You may have heard of the expression 'Have one's cake and eat it too' - Which means that people have to make choices and cannot have everything. However, this may soon be a thing of the past at least when it comes to eating and drinking, thanks to the new quest to create edible packaging.
While this may sound a little strange, there are a number of scientists and even companies working toward this goal, which if successful, would help tremendously in reducing the millions of tons of packaging that ends up in landfills every year.
One of the leaders in the space is Harvard professor Dr. David Edwards, who in collaboration with French designer Francois Azambourg, has established a company called WikiCells. Their mission is to take inspiration from nature's 'natural packaging' and create artificial packaging that is edible.
By that he means encompassing liquids or soft foods inside a soft covering made from edible products, the molecules of which are connected using electrostatic charges and mixed in with a tiny bit of natural polymer, that is tasteless and completely safe to consume.
For example, a container for gazpacho soup could be made from a membrane of tomato and basil, while hot chocolate would be contained inside one made from chocolate. Something like yogurt would have a fruity covering. From the outside it would appear to look like cheese, but when the consumer cuts through with a spoon, it would be all yogurt.
While this may sound like science fiction, WikiCells has already proved the concept and even sells some of the food at their experimental Lab Store in Paris to adventurous souls who wish to try it out. The main challenge in getting their idea out on a larger scale is to figure out how to preserve the food and more importantly, how to keep it clean - For now, they ask customers to wash their WikiCells food prior to consuming it.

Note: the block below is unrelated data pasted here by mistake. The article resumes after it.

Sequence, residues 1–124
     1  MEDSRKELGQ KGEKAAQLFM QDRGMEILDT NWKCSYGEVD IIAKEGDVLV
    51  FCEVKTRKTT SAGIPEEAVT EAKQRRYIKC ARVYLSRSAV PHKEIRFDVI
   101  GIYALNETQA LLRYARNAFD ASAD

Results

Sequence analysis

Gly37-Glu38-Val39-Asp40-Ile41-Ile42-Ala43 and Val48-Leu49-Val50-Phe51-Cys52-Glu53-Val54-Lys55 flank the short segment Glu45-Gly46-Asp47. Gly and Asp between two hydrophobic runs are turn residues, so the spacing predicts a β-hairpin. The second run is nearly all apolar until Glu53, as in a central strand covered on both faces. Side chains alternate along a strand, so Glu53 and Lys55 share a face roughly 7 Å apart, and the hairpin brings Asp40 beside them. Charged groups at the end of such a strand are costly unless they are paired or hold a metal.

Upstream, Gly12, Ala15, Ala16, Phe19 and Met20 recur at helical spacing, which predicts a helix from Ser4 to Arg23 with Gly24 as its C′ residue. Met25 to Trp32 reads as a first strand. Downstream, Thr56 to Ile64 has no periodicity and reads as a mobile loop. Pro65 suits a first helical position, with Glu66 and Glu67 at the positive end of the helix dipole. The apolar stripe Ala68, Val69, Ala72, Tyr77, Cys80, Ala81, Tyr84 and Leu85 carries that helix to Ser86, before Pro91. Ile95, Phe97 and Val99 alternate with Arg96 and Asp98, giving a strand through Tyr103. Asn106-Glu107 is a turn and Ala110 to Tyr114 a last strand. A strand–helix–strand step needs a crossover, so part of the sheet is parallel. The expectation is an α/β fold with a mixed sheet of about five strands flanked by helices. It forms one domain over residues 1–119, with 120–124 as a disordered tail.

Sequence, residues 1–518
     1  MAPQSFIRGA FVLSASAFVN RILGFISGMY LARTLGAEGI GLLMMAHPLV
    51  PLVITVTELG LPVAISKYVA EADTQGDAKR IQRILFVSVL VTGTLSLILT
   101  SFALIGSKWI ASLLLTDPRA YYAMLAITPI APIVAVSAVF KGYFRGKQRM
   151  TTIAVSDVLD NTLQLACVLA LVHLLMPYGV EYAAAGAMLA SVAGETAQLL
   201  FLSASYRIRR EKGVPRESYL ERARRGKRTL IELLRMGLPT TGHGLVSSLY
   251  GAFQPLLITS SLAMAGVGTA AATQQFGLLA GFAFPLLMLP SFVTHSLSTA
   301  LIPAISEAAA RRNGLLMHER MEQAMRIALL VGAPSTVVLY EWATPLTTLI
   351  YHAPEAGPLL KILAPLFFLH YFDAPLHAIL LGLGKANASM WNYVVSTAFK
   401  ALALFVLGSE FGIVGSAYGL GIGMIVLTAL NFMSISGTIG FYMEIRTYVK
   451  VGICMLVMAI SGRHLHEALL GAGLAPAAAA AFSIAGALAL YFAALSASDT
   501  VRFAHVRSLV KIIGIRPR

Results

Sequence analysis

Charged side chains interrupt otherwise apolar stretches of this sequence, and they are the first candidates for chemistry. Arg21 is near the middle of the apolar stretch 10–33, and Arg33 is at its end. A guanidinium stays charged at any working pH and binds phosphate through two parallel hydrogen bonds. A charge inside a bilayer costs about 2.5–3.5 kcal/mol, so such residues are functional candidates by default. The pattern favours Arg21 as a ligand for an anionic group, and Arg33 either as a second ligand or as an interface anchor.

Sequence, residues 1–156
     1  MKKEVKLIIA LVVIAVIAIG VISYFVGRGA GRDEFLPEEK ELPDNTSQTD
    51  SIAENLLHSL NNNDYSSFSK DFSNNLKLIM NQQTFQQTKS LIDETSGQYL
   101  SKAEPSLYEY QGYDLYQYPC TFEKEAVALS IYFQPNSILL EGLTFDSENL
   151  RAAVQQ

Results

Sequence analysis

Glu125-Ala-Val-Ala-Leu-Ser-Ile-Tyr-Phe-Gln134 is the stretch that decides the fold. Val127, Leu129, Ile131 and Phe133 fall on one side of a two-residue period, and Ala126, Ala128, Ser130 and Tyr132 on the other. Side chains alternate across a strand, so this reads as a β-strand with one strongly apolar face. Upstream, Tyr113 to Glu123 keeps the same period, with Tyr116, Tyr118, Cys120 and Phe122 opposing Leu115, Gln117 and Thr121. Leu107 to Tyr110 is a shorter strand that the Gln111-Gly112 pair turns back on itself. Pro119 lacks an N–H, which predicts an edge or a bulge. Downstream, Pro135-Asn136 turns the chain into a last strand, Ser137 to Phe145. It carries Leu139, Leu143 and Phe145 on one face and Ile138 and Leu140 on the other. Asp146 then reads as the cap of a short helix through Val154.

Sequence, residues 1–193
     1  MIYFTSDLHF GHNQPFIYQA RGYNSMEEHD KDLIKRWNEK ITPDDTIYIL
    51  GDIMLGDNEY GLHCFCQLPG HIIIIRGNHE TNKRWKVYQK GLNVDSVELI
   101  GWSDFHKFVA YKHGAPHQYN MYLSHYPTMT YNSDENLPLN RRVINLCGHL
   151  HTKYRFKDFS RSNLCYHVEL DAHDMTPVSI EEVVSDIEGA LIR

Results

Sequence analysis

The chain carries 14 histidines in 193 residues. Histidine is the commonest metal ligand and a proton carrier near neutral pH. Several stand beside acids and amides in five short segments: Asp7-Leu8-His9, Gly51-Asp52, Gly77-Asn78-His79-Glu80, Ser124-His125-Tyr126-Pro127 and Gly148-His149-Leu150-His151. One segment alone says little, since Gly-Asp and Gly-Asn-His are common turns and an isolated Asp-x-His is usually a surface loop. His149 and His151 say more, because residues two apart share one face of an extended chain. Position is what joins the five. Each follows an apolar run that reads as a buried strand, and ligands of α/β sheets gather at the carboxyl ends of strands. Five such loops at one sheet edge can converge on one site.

Another company that is also making rapid headway into this market is Indiana-based MonoSol. Their approach is slightly different in that they are making packaging that dissolves in water. This means that their products can be used for things ranging from hot chocolate where users can simply put the entire package and watch it dissolve, to household cleaners. In fact, while the company still has some work to do on the foods, its soluble covering is already being used by Proctor and Gamble in the form of the recently introduced Tide Pods.
Ironically, the biggest challenge to edible packaging is not expected to be the technology but changing the mindset of consumers who are used to seeing their food wrapped and sometimes even double wrapped in all sorts of glossy packaging. But, given that about 76 tons of packaging makes its way to landfills every year, we do have to start considering alternatives and these sound like pretty cool ones to us. What do you think? Would you be comfortable eating the packaging that your snacks come in? Be sure to let us know, by adding your comments below.
Resources: Fastcompany.com, fastcoexist.com